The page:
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Happy International Women’s Day!

8 Mar

Today is International Women’s Day, a day when we celebrate the economic, social and political achievements of women in the past, present and future. 2012 marks the 101st anniversary of IWD – and it is both wonderful and heartbreaking that the occasion has been marked for so long.

International Women's Day

Why wonderful? The history of IWD allows us the luxury of looking back at and being inspired by the women who have gone before us. Women like Emmeline Pankhurst and Susan B. Anthony who campaigned for women’s rights and suffrage.

Why heartbreaking? Because even after over one hundred years of discussing these issues, there is still so far to go.

The distance we still have to travel is vast for so many reasons. I am lucky to have been born in the time and place that I was; I had access to education, health care and good nutrition. Many millions of women in the world don’t have that luxury, and that needs to change. 

But even in environments like Australia, Europe or the United States where, in theory at least, women have the same rights to access health care and education as men, we have a long way to go. Millions of women are not safe in their own homes thanks to domestic abuse and violence. When a woman reports a sexual assualt or rape to the police, it can be a lottery as to whether her case is treated with the respect and sensitivity it deserves.

Then we have the constant media commentary that seems determined to undermine a woman not matter what she does. She either has too many children or not enough. She either works too hard and earns too much, or she decides to work in a female dominated industry and then dares to ask for more money. She’s either dressing down and not making the most of herself, or she’s asking for it.

We can’t win. And sometimes our worst critics are actually other women.

So what can we do? As always, I believe change starts with ourselves. Yes, lots can be done at a political level in both developed and developing countries. But even more can be done through shifting our own views and attitudes.

Start within yourself. Challenge your own assumptions and prejudices. Are you always fair to your fellow women? Or do you judge them for their life choices and condemn them as selfish/stupid/unworthy?

Be honest.

Today, take the time to really think about how wonderful the women in your life are.

And then, tomorrow, do it again.

Awesome stuff for the super-keen:

I love this article by Annie Lennox, published for last year’s IWD.

Here are 21 inspiring women. Why not make your own list of female inspiration?

What’s the worst thing that’s ever happened to you as a result of procrastinating?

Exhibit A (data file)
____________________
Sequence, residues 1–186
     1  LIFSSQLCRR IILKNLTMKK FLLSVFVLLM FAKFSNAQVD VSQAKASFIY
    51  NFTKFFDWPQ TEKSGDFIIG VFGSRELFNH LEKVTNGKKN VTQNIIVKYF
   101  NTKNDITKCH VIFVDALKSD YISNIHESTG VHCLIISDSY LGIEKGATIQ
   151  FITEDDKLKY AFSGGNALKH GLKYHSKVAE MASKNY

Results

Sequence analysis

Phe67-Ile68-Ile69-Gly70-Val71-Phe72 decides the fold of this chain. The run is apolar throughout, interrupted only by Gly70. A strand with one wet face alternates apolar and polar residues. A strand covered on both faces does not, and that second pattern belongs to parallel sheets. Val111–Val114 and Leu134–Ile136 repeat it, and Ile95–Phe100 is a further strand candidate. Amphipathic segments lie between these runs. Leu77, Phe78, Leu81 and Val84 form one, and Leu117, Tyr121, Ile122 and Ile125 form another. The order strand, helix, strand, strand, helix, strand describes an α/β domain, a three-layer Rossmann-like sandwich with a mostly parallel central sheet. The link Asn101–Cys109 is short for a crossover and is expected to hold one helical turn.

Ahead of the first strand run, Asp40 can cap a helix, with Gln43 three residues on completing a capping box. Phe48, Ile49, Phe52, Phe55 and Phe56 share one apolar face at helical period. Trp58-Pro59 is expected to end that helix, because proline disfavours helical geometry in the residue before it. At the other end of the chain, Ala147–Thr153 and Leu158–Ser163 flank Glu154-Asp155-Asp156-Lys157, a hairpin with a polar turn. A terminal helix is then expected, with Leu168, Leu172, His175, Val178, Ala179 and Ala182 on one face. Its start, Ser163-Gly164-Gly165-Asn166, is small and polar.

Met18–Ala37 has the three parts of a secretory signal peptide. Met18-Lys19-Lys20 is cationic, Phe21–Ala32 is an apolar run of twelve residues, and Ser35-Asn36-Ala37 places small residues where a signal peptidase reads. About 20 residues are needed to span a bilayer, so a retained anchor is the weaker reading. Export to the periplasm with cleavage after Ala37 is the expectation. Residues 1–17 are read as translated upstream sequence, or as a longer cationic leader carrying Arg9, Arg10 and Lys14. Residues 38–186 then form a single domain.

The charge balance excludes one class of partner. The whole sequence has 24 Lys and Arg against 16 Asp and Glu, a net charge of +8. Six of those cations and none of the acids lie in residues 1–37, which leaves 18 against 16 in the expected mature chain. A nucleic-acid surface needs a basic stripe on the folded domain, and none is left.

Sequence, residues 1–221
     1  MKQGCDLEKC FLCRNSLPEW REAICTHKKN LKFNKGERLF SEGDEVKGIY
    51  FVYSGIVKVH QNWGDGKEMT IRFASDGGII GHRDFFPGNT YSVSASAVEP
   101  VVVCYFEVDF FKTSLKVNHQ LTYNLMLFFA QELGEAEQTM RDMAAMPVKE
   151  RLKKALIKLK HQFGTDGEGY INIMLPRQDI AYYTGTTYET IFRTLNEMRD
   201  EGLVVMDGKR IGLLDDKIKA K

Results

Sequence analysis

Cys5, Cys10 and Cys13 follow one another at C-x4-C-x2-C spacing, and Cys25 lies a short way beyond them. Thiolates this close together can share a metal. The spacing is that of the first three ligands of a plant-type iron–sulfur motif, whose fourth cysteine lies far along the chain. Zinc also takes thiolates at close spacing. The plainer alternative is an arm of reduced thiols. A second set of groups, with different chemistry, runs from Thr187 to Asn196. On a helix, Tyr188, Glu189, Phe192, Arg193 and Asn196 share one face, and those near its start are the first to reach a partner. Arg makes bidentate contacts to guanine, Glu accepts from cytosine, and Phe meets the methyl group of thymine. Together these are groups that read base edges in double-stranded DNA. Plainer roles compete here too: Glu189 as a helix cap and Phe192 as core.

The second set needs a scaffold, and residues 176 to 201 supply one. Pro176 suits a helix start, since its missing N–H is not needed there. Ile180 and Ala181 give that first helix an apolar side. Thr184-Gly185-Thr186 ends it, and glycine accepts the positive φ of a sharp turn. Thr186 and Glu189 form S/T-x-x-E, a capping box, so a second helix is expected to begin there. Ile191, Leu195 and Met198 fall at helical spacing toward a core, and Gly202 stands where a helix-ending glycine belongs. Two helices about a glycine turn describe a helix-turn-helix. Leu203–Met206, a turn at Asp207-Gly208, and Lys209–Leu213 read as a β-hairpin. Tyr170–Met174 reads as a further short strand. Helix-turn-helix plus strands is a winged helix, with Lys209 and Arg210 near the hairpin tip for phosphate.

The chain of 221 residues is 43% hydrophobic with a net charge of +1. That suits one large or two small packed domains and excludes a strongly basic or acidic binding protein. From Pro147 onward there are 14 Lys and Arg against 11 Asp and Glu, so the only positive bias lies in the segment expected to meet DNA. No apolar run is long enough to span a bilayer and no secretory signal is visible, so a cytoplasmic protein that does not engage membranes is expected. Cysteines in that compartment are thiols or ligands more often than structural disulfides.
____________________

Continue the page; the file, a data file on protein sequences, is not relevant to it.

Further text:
22 Oct

Hah! I love the little prompts wordpress comes up with to help inspire your next post. I actually have a few posts ready to go, but this prompt really got me thinking.

You see, I’m a very good procrastinator. I’m an expert at it. In fact, if there were ever awards for procrastinating, I’d be up there on the stage. It’s a safe be that will never happen, as me and my fellow procrastinators wouldn’t be able to get around to organising it.

But the worst thing that’s ever happened to me? That’s a toughy – I don’t think I can distill it down to one thing. So here are (gulp!) my top three procrastinating moments.

1. Paying a whole lot more to fly – the dollar cost of procrastination

Last year I flew back to the UK for a family wedding. The date was set well in advance, I knew I wanted to be there because I hadn’t seen family and friends for ages, and the holiday came at the end of a really frantic period at work – perfect timing. And yet, for some reason, I couldn’t bring myself to buy my flights.

I knew who I wanted to fly with, the flights were available on their website, and yet I just kept hesitating when it came to hitting the buy it now button. I’d log on every day and check availability, but wouldn’t buy.

End result? I left it too late, and while I still managed to get home for the wedding, it cost me several thousand more dollars than it would have done if I’d just bitten the bullet earlier.

2. Working ’til 4am – the time cost of procrastination

This one has happened a few times, mostly when I was a student, but the most recent occurrence was only a few years ago. I was responsible for preparing a document to a deadline, but I just kept putting it off. It was a large, complicated document that required input from a lot of people, and the task just seemed too big somehow.

End result? I was working ’till 4am to finish it, and worse still, the people responsible for other inputs had to work that late too, just because of my procrastination. Not one of my finer moments.

3. Missing out on a night with friends – the personal cost of procrastination

This last one happened when I still lived in London. A friend planned a great night out for NYE, but we needed to get tickets. Everyone confirmed early – except me of course. I saw her email every day, but kept putting off replying.

End result? Everyone got tickets, except me. One very quiet NYE followed for me.

You see? Procrastination is bad kids, it makes you miss out on things. Just do it!